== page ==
Video-sharing website was mistakenly added to a list of banned sites meant to combat child pornography.
MOSCOW — Russian officials offered assurances they were not seeking to block access to YouTube on Wednesday, saying a technical error caused the popular video-sharing website to appear briefly on a register of sites containing banned content.
For about an hour, YouTube was listed on the newly-created register, which the government says is needed to fight child pornography but critics of President Vladimir Putin fear may be used to censor the Internet and stifle dissent.
YouTube was subsequently removed from the register, maintained by Russia's communications watchdog agency, Roskomnadzor, which said there was no plan to block access to the site.
"An unfortunate technical mistake occurred," Roskomnadzor spokesman Vladimir Pikov said. "We work closely with them [YouTube]. Basically, we see no reason now to apply towards its owners any preventive measures."
Russia's consumer protection rights watchdog, Rospotrebnadzor, said YouTube took down several videos earlier this week as requested by officials under the new law tightening Internet controls that took effect on November 1.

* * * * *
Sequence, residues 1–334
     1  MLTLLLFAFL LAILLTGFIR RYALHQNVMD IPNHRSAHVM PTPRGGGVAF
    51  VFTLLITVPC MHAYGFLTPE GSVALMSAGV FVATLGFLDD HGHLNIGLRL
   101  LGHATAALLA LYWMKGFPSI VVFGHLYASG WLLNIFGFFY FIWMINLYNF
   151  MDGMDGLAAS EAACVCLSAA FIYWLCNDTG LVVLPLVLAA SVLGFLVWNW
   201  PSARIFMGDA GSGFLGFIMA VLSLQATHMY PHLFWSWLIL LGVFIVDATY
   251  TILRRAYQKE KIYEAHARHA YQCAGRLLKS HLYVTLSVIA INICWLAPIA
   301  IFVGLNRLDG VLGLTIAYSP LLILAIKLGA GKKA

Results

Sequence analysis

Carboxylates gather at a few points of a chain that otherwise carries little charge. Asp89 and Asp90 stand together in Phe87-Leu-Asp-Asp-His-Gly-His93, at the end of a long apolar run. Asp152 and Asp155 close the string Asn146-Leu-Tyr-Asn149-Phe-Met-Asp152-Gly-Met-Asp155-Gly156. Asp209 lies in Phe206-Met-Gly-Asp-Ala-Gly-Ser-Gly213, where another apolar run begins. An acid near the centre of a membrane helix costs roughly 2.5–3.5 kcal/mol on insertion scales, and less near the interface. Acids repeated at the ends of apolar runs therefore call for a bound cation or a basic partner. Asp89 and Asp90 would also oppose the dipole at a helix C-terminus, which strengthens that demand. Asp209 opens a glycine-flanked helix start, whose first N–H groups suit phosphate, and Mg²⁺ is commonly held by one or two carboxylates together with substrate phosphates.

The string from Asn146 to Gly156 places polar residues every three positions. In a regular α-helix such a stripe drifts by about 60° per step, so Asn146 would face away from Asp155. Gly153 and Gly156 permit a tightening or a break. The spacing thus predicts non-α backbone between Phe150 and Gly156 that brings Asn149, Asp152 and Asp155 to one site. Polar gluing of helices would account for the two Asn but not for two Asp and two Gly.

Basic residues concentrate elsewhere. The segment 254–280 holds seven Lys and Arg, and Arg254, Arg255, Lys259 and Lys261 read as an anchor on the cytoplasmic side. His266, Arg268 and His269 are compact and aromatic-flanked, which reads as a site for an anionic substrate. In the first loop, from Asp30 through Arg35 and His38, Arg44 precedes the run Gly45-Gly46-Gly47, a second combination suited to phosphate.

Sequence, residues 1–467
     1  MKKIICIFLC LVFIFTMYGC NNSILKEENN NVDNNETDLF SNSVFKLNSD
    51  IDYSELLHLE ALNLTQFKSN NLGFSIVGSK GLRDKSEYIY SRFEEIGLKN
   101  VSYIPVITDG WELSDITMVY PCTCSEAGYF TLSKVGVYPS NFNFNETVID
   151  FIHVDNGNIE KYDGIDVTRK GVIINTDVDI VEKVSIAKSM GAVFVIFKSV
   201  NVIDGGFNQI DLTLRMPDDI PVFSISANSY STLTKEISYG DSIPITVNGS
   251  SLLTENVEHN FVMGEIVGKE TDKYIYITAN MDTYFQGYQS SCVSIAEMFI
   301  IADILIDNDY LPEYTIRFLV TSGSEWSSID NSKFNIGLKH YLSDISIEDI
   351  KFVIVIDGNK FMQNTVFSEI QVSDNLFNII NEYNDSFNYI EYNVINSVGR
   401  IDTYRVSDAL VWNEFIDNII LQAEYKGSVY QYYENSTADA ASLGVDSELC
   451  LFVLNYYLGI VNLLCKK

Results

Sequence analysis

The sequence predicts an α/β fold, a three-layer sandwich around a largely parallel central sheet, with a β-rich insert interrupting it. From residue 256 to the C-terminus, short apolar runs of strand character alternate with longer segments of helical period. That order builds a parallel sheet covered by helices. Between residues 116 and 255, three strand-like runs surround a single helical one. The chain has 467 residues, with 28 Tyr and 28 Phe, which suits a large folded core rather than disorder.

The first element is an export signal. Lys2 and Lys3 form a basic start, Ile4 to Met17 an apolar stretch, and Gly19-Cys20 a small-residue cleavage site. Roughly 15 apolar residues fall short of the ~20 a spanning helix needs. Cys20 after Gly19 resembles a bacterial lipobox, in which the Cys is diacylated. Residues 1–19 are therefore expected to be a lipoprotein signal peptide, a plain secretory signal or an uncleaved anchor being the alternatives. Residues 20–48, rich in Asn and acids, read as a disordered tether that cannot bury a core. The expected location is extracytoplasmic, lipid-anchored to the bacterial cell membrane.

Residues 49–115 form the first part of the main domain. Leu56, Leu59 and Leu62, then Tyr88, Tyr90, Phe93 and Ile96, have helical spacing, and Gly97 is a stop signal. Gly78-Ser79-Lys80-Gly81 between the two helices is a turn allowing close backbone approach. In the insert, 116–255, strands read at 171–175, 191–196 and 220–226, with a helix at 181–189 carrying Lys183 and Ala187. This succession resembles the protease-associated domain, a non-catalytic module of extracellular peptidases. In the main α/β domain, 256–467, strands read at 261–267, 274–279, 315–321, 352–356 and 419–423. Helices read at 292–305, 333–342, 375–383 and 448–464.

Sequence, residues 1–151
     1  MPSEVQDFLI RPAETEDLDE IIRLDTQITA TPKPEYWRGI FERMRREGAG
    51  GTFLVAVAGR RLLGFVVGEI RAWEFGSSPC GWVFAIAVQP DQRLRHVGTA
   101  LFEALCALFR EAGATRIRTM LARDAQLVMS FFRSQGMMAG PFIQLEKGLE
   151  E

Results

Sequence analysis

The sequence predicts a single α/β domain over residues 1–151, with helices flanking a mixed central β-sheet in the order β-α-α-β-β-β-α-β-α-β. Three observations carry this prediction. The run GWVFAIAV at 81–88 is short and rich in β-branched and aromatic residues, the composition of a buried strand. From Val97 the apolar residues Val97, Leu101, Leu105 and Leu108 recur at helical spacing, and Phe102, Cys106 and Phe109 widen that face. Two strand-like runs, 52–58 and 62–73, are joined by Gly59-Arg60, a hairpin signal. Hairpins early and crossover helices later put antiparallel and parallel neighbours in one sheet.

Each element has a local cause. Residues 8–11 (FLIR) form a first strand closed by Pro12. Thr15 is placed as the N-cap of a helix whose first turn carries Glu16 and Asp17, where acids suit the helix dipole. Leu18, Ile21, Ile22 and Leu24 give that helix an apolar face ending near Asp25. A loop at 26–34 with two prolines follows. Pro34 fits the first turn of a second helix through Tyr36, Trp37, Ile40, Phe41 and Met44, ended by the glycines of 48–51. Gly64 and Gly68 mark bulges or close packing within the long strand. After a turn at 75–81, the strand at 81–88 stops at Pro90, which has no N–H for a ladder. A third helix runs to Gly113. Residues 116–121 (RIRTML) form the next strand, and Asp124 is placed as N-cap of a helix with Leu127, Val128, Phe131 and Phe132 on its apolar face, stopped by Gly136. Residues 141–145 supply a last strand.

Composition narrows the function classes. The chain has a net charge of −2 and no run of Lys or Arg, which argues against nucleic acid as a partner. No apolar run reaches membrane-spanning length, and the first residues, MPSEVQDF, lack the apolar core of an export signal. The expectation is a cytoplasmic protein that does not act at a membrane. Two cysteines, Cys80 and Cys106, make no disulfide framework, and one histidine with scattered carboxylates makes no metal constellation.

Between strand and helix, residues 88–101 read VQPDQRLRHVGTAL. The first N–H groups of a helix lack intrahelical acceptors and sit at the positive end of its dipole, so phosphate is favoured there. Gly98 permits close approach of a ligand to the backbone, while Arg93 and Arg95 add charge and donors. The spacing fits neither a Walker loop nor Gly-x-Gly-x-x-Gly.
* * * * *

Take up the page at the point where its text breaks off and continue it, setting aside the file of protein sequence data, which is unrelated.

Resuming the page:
The blacklist includes websites containing pornographic images of children, instructions on how to make, use and where to get drugs, as well as others describing suicide methods.
Under the legislation, websites have three days to remove content considered harmful or illegal by Russian authorities before they can be blocked.
YouTube is owned by U.S.-based Google Inc.
A spokeswoman for Google in Russia, Alla Zabrovskaya, said all requests from the authorities are handled by the company's global headquarters in the United States.
Anti-Putin activists, who have used the Internet to organize demonstrations, say the law is part of a crackdown on dissent orchestrated by the Kremlin since Putin, a former KGB spy, returned to presidency in May.
After a stint as prime minister, Putin was elected to a third presidential term in March after a series of opposition protests that were the biggest of his 13-year rule.
Additional reporting by Maria Tsvetkova and Anastasia Teterevleva; editing by Steve Gutterman and Sophie Hares.